Damascus: The Story of a City explores the ancient and enduring history of the capital city of Syria, widely believed to be one of the oldest continuously inhabited cities in the world, with evidence of habitation dating back thousands of yearsThe book follows Kitkitkan as he explores the story of the great city of al-Sham, one of the names for Damascus. The illustrations in this book use the miniature technique, a form of book art popular in the medieval Middle East.


Grandma Nafeesa
Written by Taghreed Najjar, illustrated by Maya Fidawi
Published by Salwa Books, Amman, Jordan (2016)

Grandma Nafeesa is a charming story about an unusual grandmother, by the much-loved and multi-award-winning duo Taghreed Najjar and Maya Fidawi. Majid’s parents are busy with work, so he goes to spend the day at his Grandma’s house. He’s delighted, because what could be more fun than a day at Grandma Nafeesa’s place? After all, she’s not your typical grandmother. She’s an artist and an active grandma, and Majid has to work hard to keep up with her!


Middle Grade

Me, My Friend, and the Donkey
Written by Mahmoud Shukair
Published by Tamer Institute, Ramallah (2016)

Me, My Friend, and the Donkey is a humorous detective adventure, with elements of fantasy, set in and around Jerusalem. It tells the story of Mahmoud (the narrator) and Muhammad (his friend) as they try to find Muhammad’s stolen donkey. Inspired by detective novels and adventure movies, the pair assemble a group of friends to solve this mystery, some of them adopting code names. Along the way, the donkey appears to the pair in their dreams, talking and roaming about freely. They are also visited regularly by two mysterious girls who know everything about them, and give advice on the mission, but who no one else seems to see. They do—eventually—find the donkey, but the dreams, and visits from the girls, continue. Years later, Muhammad has moved to the US and has a happy and successful life. The pair still reminisce about donkeys whenever they meet, leading Mahmoud to decide that he will honour the donkey by writing its story.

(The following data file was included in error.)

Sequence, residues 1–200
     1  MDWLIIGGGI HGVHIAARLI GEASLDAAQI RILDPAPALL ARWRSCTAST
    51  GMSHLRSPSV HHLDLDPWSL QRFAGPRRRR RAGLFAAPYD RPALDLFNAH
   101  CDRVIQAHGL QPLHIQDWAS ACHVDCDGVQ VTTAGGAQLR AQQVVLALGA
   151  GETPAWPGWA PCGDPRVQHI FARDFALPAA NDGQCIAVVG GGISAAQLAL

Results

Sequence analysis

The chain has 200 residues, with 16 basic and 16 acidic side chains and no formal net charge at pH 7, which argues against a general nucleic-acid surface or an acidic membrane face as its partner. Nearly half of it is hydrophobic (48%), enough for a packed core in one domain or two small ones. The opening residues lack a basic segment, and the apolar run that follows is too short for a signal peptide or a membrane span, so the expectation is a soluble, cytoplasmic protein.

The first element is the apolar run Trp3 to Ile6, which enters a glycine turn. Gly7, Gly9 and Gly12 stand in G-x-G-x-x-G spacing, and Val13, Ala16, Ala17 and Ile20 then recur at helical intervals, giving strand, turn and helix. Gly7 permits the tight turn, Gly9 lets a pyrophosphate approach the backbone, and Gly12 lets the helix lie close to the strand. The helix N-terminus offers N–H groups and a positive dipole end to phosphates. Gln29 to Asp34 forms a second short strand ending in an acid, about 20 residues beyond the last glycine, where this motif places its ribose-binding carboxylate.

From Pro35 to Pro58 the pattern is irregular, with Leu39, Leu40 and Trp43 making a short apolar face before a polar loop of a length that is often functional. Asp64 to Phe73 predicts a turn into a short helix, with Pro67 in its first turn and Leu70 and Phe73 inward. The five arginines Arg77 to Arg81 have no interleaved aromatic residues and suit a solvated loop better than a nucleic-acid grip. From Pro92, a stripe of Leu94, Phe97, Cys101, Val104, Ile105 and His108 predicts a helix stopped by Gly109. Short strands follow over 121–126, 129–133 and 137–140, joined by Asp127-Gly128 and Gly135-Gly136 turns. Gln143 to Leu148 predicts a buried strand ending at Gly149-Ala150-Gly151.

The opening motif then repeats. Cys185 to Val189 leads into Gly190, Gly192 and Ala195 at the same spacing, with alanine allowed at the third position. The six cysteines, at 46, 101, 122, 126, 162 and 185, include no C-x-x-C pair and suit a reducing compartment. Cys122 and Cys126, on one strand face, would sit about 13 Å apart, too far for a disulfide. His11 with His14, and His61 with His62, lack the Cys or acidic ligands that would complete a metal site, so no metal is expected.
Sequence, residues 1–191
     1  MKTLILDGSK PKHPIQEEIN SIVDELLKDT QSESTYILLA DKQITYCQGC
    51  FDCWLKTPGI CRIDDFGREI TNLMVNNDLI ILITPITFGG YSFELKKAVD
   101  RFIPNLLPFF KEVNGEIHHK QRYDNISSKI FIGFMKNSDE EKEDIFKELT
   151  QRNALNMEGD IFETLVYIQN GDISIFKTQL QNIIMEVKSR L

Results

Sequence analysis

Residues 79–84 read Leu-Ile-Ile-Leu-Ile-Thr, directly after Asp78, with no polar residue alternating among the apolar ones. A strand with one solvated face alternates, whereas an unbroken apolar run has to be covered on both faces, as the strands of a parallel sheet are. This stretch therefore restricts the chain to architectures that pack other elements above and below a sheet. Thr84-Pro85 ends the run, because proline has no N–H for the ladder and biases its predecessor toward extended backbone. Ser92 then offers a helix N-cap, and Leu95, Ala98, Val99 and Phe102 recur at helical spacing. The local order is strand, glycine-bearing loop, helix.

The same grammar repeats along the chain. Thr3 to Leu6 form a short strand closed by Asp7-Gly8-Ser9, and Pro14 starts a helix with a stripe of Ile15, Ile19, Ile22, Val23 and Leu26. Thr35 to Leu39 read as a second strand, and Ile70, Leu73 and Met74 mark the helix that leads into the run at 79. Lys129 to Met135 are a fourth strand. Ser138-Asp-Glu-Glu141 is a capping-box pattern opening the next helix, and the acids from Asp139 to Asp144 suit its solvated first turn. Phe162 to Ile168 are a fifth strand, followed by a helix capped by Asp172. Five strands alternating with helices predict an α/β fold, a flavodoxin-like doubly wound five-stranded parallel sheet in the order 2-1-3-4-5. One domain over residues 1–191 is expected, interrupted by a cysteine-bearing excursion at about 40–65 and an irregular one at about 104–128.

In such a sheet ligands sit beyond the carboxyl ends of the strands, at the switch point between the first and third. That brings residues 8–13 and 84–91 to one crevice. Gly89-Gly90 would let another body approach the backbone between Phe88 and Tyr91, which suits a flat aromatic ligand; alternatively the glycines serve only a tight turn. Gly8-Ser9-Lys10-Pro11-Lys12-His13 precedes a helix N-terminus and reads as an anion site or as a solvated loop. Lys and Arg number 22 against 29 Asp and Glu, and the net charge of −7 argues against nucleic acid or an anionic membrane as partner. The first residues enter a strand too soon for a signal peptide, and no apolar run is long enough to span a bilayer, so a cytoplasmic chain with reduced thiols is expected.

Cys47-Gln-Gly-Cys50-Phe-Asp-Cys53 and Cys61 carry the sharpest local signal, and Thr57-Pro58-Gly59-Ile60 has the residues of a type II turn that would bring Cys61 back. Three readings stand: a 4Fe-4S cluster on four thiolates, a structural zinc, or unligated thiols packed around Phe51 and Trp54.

Inspired by the true story of Shukair’s childhood friend, the novel is a welcome addition to the flourishing child detective genre. Weaving together Palestinian history, culture, and a healthy dose of humour, readers learn that about the challenges of perseverance and the importance of friendship when faced with adversity.


Sindrani: Diver of the Deep
Written by Umama Lowati, illustrated by Cesar Samaniego
Published by Salwa Books, Amman, Jordan (2022)